Musshoff F.,Institute of Forensic Medicine | Madea B.,Institute of Forensic Medicine
Journal of Forensic Sciences | Year: 2012

Scientific opinions differ whether the use of stimulants causes deterioration in driving skills. In 1857 of 8709 cases of driving under the influence of drugs, amphetamine-like drugs (amphetamine, methamphetamine, and methylendioxyamphetamine) were present either alone or together with other licit or illicit drugs. In 338 cases, amphetamines were the only psychoactive substance group in plasma at mean, median, and highest concentrations of 0.18, 0.12, and 1.05 mg/L, respectively. A widespread opinion is that after the consumption of amphetamines, centrally stimulating effects with corresponding consequences on safe driving are expected. In contrast, many cases were observed that rather suggested an influence of centrally sedating substances when considering the psycho-physical conditions. Relations between concentration and effect could not be established. The apparent sedation is probably the consequence of sleep deprivation during an amphetamine binge and the after-effects of the drug. © 2012 American Academy of Forensic Sciences.

Mai M.,Institute of Forensic Medicine | Amendt J.,Institute of Forensic Medicine
Forensic Science International | Year: 2012

By estimating the age of the immature stages of flies developing on a corpse, forensic entomologists are able to establish the minimum post-mortem interval. Blowflies, which are the first and most important colonizers, usually leave the cadaver at the end of the last larval stage searching for a pupation site. This period of development is referred as the post-feeding or wandering stage. The characteristics of the ground where the corpse was placed might be of notable importance for the post-feeding dispersal time: For pupariation the larvae prefer an environment protected from light and predators and may have a longer dispersal time in order to reach an appropriate pupation site. Hence, the dispersal time can vary and may influence the total time of development which may lead to an erroneous calculation of the post-mortem interval.This study investigates the effect of various post-feeding time intervals on the development of the blowfly . Lucilia sericata at a temperature of 25. °C. As larvae reached the post-feeding stage a pupariation substrate was offered at 0 and after 12, 24 and 48. h. Only the larvae with a dispersal time of 24. h (total time of development 325.2. h; median) and 48. h (total time of development 347.7. h; median) showed a significantly longer total development time compared to the control group (total time of development 318.4. h; median). The mortality rate did not differ between groups; however the flies that emerged from the group with a dispersal of 48. h were significantly smaller indicating increased energy consumption during dispersal.The results of this study indicate that a prolonged post-feeding stage could increase the total developmental time of . L. sericata which should be taken into consideration when interpreting entomological findings. The need for a serious examination of current rearing practices in forensic entomology laboratories is indicated because reference data sets for the time of development are usually produced by offering the post-feeding stage a substrate for pupariation immediately. © 2012 Elsevier Ireland Ltd.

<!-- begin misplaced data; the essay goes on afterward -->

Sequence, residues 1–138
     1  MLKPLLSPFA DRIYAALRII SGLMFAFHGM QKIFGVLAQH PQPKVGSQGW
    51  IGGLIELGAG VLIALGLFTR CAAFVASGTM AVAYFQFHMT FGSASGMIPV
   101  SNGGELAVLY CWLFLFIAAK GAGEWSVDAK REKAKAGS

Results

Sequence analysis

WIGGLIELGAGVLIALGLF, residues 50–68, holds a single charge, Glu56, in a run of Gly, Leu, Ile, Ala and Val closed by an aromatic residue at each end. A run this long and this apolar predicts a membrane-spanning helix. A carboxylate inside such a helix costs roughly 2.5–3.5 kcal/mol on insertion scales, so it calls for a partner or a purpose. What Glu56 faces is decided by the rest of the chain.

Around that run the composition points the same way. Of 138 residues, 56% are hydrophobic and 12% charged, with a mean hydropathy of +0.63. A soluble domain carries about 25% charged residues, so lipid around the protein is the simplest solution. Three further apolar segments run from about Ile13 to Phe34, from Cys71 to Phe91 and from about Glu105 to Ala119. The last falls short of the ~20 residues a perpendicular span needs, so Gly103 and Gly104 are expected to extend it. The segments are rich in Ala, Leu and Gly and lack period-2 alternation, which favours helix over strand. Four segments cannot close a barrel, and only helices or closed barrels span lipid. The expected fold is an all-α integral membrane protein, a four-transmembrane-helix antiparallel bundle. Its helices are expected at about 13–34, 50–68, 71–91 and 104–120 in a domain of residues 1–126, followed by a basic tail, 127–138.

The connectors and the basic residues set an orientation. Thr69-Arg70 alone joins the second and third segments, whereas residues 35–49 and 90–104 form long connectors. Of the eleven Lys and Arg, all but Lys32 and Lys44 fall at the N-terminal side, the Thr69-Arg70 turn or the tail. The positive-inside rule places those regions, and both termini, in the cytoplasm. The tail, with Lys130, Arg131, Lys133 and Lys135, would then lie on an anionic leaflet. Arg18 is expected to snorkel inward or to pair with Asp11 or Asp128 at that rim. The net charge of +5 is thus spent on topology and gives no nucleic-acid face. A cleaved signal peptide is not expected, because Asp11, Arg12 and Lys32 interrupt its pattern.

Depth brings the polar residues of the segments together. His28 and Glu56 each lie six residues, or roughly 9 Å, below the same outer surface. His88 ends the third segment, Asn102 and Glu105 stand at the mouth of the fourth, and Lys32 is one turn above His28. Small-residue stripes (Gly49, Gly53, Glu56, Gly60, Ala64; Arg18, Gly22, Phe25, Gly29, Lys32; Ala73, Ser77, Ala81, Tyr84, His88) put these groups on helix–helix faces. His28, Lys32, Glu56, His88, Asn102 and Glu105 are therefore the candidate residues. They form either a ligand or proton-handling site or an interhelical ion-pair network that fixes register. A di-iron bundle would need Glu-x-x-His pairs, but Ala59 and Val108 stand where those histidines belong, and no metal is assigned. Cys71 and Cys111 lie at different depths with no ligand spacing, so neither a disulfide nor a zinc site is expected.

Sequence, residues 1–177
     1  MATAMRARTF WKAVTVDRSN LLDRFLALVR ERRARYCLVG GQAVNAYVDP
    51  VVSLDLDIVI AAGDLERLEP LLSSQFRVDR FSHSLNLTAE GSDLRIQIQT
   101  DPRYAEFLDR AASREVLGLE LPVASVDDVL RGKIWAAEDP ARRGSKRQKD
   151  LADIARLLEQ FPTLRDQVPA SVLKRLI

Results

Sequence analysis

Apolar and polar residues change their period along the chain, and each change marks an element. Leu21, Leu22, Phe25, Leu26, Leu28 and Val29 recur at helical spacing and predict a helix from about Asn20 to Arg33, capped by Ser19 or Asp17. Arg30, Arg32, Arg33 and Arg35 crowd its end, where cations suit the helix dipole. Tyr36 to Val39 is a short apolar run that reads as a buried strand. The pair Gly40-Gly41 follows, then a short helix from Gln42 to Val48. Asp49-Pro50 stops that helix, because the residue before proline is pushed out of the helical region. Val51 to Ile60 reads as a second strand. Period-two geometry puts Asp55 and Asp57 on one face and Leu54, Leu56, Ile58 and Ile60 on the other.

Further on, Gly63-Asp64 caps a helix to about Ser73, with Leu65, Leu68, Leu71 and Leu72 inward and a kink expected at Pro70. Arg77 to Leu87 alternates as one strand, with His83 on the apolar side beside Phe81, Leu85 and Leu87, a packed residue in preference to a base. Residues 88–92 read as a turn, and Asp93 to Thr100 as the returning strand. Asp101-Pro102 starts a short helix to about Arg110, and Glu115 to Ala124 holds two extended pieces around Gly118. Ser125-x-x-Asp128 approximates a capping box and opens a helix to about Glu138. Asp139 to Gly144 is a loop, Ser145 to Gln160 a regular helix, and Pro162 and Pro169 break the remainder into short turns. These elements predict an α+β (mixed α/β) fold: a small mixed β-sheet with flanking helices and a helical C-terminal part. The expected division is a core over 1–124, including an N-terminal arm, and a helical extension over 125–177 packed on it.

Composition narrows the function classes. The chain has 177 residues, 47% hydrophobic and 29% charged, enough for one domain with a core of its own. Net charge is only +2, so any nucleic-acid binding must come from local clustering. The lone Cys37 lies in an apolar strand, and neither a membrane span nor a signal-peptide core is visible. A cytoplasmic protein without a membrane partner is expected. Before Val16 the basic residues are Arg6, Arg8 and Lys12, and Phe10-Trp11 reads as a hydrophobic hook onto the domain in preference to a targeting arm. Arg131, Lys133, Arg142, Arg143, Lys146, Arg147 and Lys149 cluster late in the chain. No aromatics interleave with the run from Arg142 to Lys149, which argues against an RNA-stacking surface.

Randall C.,Institute of Forensic Medicine | Crane J.,Institute of Forensic Medicine
Journal of Forensic and Legal Medicine | Year: 2014

In the UK tramadol is a frequently prescribed opioid analgesic which is becoming increasingly popular as a drug of misuse. Its use varies worldwide and in the last decade it has been upgraded to a controlled substance in several countries, due to an increased number of deaths associated with its use. A review of all deaths associated with tramadol in Northern Ireland was performed and this highlighted 127 cases from 1996 to the end of 2012. A 10% increase in deaths due to tramadol was noted. In 2001 tramadol deaths represented 9% of all drug misuse deaths rising to 40% in 2011. The majority of the deaths occurred in males (62%), with a median age of 41 years, living in the Belfast city area (36%). Tramadol fatalities were found in combination with other drugs/medicines (49%), alcohol (36%) or alone (23%). Most of those who died did not reach hospital, with only 2% presenting with multi-organ or acute liver failure. In just over half of the deaths tramadol had not been prescribed by a medical practitioner (53%). Depression, addiction and seizures were recognised risk factors. An increase in awareness of tramadol toxicity is needed amongst the public and doctors. © 2014 Elsevier Ltd and Faculty of Forensic and Legal Medicine. All rights reserved.